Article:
Researchers across the state are trying to figure out how to turn an old Virginia crop into a new, viable one.
Industrial hemp cultivation was once common in Virginia but has been banned for the past 80 years. To discuss its potential, a first-of-its-kind Industrial Hemp Field Day was held Aug. 17 at Virginia State University. The event provided a forum for potential growers, researchers, marketing experts and industrial hemp product users to discuss the future of the crop in Virginia and neighboring states.
“Industrial hemp is a very important issue, especially for Gov. McAuliffe,” said Dr. Basil Gooden, Virginia secretary of agriculture and forestry, who attended the field day. “We’ve had many conversations about the viability of industrial hemp. We’ve engaged the Virginia Department of Agriculture and Consumer Services with it and met on how to move legislation and policies forward on how we can make industrial hemp a product grown across the commonwealth.”
VSU is one of a handful of higher learning institutions authorized to conduct industrial hemp research in Virginia. The university began its field research in 2016.
Hemp and marijuana both come from the same plant, but each has different properties. Hemp is a versatile field crop that can be processed into different products with multiple uses. Its stalk can be used to produce biofuel, and fiber for textile items, building materials, industrial products and different types of paper. The seeds can be used to produce animal feed and human food and can serve as sources of oil for cosmetic and personal care products.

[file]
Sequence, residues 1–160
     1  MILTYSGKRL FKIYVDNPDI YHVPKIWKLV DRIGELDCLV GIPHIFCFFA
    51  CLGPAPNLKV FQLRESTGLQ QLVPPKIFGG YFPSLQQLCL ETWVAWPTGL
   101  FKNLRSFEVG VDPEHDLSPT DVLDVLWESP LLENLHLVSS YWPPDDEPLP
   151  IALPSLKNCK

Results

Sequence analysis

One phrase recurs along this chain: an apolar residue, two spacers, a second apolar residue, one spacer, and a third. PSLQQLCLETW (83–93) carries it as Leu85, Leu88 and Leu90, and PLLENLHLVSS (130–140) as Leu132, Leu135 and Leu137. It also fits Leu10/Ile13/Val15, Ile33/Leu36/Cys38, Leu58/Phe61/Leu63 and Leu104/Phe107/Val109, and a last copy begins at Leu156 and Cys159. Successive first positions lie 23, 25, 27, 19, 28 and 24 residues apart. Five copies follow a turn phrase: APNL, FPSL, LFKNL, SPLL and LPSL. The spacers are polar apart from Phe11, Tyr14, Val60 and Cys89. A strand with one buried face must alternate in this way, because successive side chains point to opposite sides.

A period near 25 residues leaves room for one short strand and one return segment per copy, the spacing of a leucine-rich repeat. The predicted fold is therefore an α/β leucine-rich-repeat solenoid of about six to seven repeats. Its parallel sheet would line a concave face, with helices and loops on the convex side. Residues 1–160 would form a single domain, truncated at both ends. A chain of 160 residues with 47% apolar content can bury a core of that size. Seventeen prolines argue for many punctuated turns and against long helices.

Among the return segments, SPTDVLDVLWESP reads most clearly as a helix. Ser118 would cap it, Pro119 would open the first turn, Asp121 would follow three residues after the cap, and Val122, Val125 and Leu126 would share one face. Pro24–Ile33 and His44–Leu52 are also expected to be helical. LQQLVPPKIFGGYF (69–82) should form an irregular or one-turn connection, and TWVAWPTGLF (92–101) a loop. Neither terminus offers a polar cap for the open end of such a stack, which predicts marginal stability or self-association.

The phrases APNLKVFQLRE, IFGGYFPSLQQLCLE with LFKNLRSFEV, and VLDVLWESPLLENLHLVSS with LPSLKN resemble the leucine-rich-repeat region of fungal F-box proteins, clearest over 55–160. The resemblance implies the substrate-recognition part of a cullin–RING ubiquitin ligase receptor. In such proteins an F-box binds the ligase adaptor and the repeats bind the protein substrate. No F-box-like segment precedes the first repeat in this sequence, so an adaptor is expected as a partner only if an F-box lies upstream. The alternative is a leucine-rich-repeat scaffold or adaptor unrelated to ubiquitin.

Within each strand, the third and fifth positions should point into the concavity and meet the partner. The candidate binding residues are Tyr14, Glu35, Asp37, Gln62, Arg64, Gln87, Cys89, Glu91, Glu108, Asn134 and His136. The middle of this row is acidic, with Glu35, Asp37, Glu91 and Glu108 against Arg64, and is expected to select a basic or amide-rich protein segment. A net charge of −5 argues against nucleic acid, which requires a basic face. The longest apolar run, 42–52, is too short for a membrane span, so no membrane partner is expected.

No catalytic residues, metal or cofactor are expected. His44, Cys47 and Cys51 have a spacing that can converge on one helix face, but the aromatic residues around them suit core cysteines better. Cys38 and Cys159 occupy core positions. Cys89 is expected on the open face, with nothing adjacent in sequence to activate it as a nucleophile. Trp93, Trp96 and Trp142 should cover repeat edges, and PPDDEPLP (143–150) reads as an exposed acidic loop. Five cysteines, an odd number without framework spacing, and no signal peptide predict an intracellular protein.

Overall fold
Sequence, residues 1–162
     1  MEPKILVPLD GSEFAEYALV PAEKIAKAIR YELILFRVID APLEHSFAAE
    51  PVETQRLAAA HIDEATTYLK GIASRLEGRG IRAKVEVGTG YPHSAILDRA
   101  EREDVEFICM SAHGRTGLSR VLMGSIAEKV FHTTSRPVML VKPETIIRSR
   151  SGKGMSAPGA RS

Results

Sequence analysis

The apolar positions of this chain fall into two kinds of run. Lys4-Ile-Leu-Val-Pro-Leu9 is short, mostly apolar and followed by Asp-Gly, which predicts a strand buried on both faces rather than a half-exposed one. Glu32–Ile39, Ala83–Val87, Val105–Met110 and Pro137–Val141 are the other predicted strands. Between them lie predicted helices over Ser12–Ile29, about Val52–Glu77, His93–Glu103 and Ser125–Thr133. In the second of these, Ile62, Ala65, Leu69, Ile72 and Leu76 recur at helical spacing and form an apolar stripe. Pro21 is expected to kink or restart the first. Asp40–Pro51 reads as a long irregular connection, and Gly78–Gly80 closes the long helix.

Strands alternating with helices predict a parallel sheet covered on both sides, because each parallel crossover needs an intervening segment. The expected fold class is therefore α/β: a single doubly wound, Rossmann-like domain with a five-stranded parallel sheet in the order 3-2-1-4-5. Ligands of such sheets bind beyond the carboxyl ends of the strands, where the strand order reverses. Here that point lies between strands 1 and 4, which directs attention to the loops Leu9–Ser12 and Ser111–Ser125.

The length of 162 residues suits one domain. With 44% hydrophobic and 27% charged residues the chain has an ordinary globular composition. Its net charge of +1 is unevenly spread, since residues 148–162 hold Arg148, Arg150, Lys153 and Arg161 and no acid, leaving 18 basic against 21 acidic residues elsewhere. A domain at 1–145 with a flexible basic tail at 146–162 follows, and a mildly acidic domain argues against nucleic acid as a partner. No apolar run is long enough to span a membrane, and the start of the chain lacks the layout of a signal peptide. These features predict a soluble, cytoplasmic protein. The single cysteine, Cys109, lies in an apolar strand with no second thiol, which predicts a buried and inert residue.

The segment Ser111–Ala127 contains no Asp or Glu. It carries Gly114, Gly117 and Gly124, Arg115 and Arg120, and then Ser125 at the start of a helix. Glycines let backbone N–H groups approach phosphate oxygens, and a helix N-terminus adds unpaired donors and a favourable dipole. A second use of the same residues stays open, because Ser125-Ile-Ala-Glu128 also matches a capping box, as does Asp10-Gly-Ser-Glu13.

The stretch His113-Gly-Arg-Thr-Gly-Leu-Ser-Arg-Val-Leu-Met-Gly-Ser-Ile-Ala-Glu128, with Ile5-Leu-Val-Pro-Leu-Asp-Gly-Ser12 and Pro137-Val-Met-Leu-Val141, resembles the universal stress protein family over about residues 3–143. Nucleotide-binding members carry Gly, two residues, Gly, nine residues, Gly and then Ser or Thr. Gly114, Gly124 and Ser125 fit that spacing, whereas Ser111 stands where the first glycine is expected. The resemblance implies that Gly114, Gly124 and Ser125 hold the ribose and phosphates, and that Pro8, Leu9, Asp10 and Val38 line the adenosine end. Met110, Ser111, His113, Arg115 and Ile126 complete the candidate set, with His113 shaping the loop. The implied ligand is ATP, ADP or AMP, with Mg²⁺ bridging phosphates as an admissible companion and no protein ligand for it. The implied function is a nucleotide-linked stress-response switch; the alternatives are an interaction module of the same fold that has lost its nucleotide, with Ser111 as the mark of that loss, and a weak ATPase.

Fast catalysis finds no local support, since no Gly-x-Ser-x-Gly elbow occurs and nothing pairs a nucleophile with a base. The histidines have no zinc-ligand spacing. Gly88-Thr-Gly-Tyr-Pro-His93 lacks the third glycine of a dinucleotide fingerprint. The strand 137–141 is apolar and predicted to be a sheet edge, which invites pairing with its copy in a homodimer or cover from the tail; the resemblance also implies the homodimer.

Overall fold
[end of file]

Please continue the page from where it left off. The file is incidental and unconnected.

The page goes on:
Hemp has low THC levels—typically less than .3 percent—and marijuana contains anywhere from 5 percent to 20 percent THC.
“Industrial hemp and marijuana are two different but related crops,” explained Tony Banks, a commodity marketing specialist for Virginia Farm Bureau Federation. “Industrial hemp consumption does not result in the psychotic effect normally associated with marijuana.”
Banks added that farmers “are interested in potential market opportunities for industrial hemp, provided it is profitable. It is too early in the process to determine the level of future U.S. hemp demand, whether it is enough to justify infrastructure investment, and expected on-farm production costs and revenue.”
Craig Lee, former president of the Kentucky Hemp Growers Association, noted that no on-farm processing is needed for industrial hemp.
“Cut it down, and take it right into processing. But you need a supply line. Quality, consistency and continuity of the supply is needed.” He added that a strong infrastructure and organization is important for the crop to be successful.